Irish Potato (Solanum tuberosum L.) is one of the word's prime sources of human nutrition. The protein/ carbohydrate ratio is higher than for most cereals and other tuber and root crops (Okonkwo et al., 1995). In terms of composition, potato tuber contains 70 to 82% water, 17 to 29% dry matter, 11 to 23% carbohydrate, 0.8 to 3% protein, 0.1% fat and 1.1% minerals (Singh, 2004). Production per hectare of important vitamins, such as thiamine, riboflavin, niacin and vitamin C is higher in potato than in other major crops, such as rice, maize and wheat (Rolot, 2001; Okonkwo et al., 1995; Beukema and Vander Zaag, 1990; Harris, 1992). According to Okonkwo et al. (1995), daily consumption of 1 kg of potato tuber provides all the essential amino acids needed by the body, except cystine and methionin. Apart from more conventional ways of using potato as food stuff, it is now a prominent industrial raw material in developed countries. This has considerably widened the range of possible uses of the crop. In the food sector, potatoes are processed into deep-frogmen chips and mashed potato. By-products such as potato starch, glucose and dextrose are used in the brewing industry, confectionary products and in the distillation of alcohol. In the non-food sector, by- products such as potato starch, starch proper and dextrin are used in processes for the manufacture of cardboard, glues, textiles and paints, and in the laundry business as ironing sprays (Harris, 1992; Rolot, 2001).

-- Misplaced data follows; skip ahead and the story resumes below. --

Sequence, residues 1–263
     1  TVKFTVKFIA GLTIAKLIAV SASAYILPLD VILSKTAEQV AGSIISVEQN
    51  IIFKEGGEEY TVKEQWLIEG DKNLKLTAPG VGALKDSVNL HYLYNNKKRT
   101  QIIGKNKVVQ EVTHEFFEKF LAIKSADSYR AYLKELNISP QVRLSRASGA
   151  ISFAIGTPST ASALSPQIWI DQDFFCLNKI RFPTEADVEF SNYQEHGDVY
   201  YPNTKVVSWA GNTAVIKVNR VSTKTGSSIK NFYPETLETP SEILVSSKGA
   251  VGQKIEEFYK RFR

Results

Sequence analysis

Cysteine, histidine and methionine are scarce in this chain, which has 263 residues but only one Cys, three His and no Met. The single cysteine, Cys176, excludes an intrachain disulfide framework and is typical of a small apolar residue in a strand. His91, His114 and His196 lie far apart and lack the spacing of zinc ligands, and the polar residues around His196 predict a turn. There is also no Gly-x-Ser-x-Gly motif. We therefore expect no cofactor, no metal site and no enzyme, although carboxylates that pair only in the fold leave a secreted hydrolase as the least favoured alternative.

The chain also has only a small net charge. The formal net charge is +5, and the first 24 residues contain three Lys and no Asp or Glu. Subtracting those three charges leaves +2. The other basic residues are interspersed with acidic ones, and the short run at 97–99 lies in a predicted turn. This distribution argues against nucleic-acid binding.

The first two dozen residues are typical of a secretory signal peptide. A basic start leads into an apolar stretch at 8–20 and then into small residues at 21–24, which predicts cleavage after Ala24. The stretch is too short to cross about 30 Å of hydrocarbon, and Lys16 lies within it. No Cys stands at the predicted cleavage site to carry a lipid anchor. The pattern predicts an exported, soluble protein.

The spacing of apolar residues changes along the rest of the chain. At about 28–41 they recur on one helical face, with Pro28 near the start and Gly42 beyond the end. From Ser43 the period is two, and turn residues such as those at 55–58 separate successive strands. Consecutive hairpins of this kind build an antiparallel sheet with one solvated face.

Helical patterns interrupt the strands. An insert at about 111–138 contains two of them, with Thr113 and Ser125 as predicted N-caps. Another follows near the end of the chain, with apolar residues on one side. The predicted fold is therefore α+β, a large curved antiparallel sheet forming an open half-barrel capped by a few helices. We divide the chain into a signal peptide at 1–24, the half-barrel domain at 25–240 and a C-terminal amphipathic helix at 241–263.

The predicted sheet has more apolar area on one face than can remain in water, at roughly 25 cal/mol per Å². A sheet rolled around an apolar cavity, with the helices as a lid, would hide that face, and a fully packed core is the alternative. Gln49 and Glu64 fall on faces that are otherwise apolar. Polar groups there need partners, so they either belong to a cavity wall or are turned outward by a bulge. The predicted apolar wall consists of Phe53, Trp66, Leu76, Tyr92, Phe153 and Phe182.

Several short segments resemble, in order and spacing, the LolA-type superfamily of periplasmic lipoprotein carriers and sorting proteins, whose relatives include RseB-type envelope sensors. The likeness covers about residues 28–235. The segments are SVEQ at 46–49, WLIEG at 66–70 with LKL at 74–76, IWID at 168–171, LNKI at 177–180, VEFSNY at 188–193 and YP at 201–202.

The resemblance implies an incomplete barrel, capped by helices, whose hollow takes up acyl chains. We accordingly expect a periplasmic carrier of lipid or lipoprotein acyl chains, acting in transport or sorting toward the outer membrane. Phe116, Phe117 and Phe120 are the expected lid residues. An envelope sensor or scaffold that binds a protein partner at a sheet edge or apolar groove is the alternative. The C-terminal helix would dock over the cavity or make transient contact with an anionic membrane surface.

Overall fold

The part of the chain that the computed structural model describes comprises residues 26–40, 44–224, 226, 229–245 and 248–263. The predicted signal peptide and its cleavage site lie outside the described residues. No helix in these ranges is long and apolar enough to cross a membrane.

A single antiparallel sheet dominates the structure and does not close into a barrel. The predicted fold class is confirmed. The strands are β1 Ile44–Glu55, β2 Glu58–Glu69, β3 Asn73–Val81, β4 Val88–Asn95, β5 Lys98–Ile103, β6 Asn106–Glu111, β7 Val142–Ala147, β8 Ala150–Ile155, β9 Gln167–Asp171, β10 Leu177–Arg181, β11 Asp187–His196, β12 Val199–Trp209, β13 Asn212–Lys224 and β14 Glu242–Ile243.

High tuber dry matter content is particularly desirable in potatoes for processing. However, according to International Potato Institute, IPI (1993), N and K application reduced tuber dry matter content, with the effect being less by K than N. However, P was reported to slightly increase tuber dry matter content. Protein content usually expressed as a percentage of dry matter is favorably influenced by increase in N and K, but reduces by increasing application of P (Singh, 2004). To achieve high tuber quality, it is recommended to apply NPK fertilizer with less N than P and K to potato (Vos, 1999).

Depending on the mineral fertilizer forms, rates and nutrient ratios applied to potatoes; the contents of dry matter, starch, protein and other substances may either increase or decrease. Excessive application of fertilizer reduces starch, dry matter and sugar contents in potato tubers that deteriorate more rapidly in storage (Shock et al., 1999). This results from the fact that nitrogen promotes growth of potato vines, and when lasting drought occurs, the vines that have grown so large are most dramatically affected and the growing season is extended. Tubers harvested under such conditions, may not reach harvest maturity or amass maximum dry matter content, while starch also accumulates less rapidly, since part of it is used for respiration (Eiasu et al., 2007). Dry matter content is affected by various factors, among which the most significant are tuber maturity, growth character, plant nutrient and water uptake (Harris, 1992). Thus, this study was carried out to determine carbohydrates and crude protein contents of some selected potato varieties in response to NPK fertilizer rates.